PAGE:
Technology can drive faster and efficient ways of providing aid and support to impacted populations, following a natural catastrophe. For instance, the Federal Emergency Management Agency (FEMA) provides an app and text message support for individuals in distress. And while citizens can obtain information on how to locate the nearest shelter or Disaster Recovery Center, many individuals and small businesses are not aware of, or do not take advantage of, these services. By proactively sending critical information to smartphones based on the user’s proximity to a disaster, CoreLogic can help alleviate some of the panic within communities.

CoreLogic’s Hazard simulations models, such as “Tornado Path Map”, not only helps better alerting to the impacted communities but also provide vital insights in to executing the relief efforts. The “Damage model” within our weather verification services can assess the extent of property damages, which is critical in processing insurance claims faster and fairer. Overall, the CoreLogic’s simulations will provide the critical data, assessments, predictions and visualizations, required to help these communities bounce back.

Voice Technology

In disaster-affected areas, leveraging voice assistant apps or devices such as Amazon’s Alexa, Apple’s Siri or Google Voice will drive higher reach. These tools are location aware and can provide accurate details regarding the path to recovery. For example, when asked, “Where is the nearest shelter?” these voice-enabled devices can provide more information about the services each shelter offers and navigate individuals to the nearest location. Additionally, these resources can guide individuals through the process of obtaining and filling out an application to procure help from FEMA for recovering valuables that were lost in the disaster, or for re-establishing a small business that incurred loss or damage. By providing data and software services such as Alexa skills (which can be enabled on voice assistant apps), CoreLogic can now effectively reduce the time to process insurance claims, and effectively guide the impacted populations towards a faster recovery.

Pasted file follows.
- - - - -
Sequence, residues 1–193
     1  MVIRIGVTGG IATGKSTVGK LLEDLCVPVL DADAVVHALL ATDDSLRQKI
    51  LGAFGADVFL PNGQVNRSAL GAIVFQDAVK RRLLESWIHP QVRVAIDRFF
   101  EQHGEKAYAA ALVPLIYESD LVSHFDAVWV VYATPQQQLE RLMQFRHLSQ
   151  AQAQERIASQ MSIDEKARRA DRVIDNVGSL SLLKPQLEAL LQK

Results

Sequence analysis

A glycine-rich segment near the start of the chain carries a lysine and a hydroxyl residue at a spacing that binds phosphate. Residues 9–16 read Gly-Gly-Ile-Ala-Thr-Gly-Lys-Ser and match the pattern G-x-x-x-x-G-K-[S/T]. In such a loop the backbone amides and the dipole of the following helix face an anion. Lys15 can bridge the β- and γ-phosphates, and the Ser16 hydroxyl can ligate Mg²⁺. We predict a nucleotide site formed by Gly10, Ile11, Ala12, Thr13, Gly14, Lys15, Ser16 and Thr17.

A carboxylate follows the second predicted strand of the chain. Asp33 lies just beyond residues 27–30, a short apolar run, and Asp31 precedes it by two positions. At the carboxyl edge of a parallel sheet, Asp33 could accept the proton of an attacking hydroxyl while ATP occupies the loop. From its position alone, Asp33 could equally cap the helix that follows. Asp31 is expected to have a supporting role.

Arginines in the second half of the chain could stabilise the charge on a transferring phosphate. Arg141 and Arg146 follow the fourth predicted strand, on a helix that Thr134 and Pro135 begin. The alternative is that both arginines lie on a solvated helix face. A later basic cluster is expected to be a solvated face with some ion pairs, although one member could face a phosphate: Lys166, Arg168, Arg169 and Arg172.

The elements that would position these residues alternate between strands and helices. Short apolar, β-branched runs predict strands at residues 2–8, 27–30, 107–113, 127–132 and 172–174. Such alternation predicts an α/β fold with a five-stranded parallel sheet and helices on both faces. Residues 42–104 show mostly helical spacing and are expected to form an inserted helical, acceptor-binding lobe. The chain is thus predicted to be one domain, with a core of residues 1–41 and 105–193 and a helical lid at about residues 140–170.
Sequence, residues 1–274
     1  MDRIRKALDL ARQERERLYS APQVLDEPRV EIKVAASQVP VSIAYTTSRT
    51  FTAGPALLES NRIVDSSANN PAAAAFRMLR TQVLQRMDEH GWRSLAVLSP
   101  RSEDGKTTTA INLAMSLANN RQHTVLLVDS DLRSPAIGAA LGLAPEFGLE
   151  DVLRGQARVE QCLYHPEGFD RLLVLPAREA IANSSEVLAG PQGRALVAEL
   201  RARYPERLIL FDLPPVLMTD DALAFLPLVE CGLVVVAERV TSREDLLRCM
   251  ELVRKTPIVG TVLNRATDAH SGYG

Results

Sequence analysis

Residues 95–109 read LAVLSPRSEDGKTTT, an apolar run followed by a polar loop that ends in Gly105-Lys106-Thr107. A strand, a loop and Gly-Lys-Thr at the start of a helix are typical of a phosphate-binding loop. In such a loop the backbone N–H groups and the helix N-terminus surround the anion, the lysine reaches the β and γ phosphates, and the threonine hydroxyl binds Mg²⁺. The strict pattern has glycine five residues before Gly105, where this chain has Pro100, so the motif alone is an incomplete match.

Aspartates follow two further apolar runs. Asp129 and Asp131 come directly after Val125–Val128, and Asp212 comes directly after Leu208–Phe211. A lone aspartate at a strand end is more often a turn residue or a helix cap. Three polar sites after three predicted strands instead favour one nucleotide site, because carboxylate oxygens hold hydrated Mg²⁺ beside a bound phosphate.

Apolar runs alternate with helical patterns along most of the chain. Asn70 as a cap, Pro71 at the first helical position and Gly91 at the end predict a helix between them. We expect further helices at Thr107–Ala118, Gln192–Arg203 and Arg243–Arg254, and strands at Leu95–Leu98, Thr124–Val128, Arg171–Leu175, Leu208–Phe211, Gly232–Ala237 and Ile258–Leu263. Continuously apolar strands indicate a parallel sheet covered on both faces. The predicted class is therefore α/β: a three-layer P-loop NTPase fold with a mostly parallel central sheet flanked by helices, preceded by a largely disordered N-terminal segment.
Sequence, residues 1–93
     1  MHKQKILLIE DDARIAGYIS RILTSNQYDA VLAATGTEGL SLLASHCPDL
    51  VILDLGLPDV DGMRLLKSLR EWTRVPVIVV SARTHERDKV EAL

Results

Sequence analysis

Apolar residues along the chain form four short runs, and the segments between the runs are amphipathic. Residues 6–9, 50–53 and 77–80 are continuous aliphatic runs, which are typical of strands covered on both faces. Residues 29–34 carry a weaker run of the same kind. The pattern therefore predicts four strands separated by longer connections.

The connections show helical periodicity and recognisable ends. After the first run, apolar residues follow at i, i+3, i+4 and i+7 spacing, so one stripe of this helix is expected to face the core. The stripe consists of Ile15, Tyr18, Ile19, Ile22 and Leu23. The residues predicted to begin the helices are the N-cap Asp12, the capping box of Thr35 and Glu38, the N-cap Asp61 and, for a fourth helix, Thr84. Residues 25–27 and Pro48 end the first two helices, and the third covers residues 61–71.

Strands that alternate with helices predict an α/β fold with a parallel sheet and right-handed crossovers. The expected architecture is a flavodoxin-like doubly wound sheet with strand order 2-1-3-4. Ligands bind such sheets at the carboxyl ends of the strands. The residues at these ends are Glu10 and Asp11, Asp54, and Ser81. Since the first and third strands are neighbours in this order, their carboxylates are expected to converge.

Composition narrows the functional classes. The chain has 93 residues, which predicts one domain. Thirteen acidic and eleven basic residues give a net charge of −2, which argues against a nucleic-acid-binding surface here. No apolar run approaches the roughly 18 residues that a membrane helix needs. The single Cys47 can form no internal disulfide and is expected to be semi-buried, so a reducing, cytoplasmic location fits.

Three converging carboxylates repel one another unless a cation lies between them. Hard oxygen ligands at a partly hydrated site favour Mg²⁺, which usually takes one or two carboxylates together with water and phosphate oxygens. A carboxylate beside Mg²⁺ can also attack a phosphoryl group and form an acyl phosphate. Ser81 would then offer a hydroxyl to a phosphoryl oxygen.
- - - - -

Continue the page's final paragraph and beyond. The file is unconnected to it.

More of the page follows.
Data, The Key to Planning & Disaster Resilience The data and tools that CoreLogic possesses would be an invaluable resource in estimating the time and cost of setting up access points to plan and distribute relief in the minimal amount of time. The company can act as a major contributor in creating a resilience plan that every region across the United States could use. As we continue to navigate through difficult natural hazards—including a global pandemic—creating a tool like this is becoming, more and more vital in helping communities rebuild.

Prashanthi Anumala

Prashanthi Anumala
Sr. Professional, Software Engineer